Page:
UX market?


#1

I am a real newbie when it comes to understanding UX so bear with me.
I heard about UX research and design online and I understand that it is something you have to build up to and you don’t necessarily need any particular major to get into it. I am majoring in biological sciences right now because I thought I wanted to go into dentistry or medicine (I’m going to be a freshman in college) but I’m not so sure anymore. I told my dad who is a QA computer engineer if this was a good Idea and he said that I should just do computer science and programming instead of going for UX because “there’s no openings or job market for it” and for every one UX researcher there are 10 engineers working with them and “its all programming anyway”. From what I understand UX researchers do have some programming knowledge but do not need an overt "vocabulary"
of it. Is he right or or am I? Is there any want/need for UX researchers, should I give up?


#2

no offence to the good man, but he is full of rubbish :smiley:

Definitely a need for UX researchers, and programming is usually not involved, at least not for researchers.


#3

Haha. What he said ^

I’d never want to insult someone’s dad, but yours is spreading myths that we’re working VERY hard dispel.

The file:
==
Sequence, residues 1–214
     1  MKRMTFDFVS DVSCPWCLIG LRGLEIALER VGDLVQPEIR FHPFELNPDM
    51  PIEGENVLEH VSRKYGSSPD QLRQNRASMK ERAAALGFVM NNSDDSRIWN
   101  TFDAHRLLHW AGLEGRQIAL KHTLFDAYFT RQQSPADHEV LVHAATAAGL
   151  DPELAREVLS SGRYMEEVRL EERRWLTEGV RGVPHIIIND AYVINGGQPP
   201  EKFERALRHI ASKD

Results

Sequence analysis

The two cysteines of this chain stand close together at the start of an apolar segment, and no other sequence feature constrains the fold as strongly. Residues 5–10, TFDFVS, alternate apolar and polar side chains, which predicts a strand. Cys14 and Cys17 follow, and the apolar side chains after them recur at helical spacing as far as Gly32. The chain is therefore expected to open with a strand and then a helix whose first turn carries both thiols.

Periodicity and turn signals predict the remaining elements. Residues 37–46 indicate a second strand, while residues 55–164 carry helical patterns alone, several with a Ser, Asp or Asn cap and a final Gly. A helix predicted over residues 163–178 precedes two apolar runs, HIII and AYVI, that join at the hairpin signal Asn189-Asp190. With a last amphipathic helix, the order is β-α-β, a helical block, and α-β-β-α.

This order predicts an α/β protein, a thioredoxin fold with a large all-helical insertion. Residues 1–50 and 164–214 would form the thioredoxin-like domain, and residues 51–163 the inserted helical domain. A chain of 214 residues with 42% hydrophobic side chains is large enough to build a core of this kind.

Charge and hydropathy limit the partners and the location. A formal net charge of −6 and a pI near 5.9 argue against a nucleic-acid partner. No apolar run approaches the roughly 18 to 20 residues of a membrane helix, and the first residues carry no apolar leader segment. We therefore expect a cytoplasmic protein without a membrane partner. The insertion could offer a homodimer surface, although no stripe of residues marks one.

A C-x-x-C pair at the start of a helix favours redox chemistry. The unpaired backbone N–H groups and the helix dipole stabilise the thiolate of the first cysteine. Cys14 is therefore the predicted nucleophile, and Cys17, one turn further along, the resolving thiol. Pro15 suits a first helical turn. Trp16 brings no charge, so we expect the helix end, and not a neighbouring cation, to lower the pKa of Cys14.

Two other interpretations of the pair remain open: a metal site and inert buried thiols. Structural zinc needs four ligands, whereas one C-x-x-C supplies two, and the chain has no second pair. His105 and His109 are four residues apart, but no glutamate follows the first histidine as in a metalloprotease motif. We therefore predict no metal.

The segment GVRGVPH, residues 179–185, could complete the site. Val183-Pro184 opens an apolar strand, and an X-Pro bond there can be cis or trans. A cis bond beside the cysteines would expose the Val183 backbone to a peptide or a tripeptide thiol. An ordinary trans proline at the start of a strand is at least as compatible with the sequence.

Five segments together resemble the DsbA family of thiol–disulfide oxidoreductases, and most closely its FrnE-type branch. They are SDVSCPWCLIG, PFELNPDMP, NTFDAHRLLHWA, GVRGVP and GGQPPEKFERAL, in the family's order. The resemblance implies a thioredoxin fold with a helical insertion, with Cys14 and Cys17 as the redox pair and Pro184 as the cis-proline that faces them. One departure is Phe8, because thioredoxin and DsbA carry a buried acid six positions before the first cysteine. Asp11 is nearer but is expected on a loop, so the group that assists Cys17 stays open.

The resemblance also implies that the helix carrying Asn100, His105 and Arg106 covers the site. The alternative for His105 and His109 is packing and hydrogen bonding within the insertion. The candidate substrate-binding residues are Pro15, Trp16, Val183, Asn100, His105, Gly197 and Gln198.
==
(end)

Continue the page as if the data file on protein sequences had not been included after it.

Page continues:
UX is an emerging industry, absolutely. And yes, there are UXers that code (but only because many organisations aren’t yet mature enough to understand the value of UX as a defined discipline).

If you love code, be an engineer for sure. There will always be jobs

If you love UX, become a UXer. You’ll spend way too many hours at work to regret your choice.


#4

If I had it to do all over, I’d major in compute science and minor in psychology or user experience design. I’d focus my study on automation and artificial intelligence, which is shaping up to be the primary areas of growth in the near future.

I can’t speak about your neck of the woods, but it the large majority of the world, UX is very much a viable and emerging field. There are more job openings than can reasonably be filled by experienced professionals in some areas.

Knowing how to code, however, can be very helpful, but it’s certainly not a requirement for UX pros. For instance, in my current role as a UX Engineer, they don’t allow me in the code base, but having a very good understanding HTML, CSS, JS, and the basics of how our front end interacts with our back end helps me create designs that are viable within our technology stack as well as understand why some pieces won’t. It helps me communicate on the same level with our developers, and has given me some “street cred” with our development team.

Additionally, having coding chops means that you have at least two possible career paths-- one in development, and one in UX-- with other options available as well. It’ll help keep the most amount of doors open going down your career path.

Another item of note is that while there are certainly a lot of jobs in both dev and UX, there are certainly more developer jobs than UX jobs. What’s more, I have some suspicion, though no evidence, that dev jobs are likely far more recession-proof than UX gigs, meaning greater overall career security through even the most difficult economic times.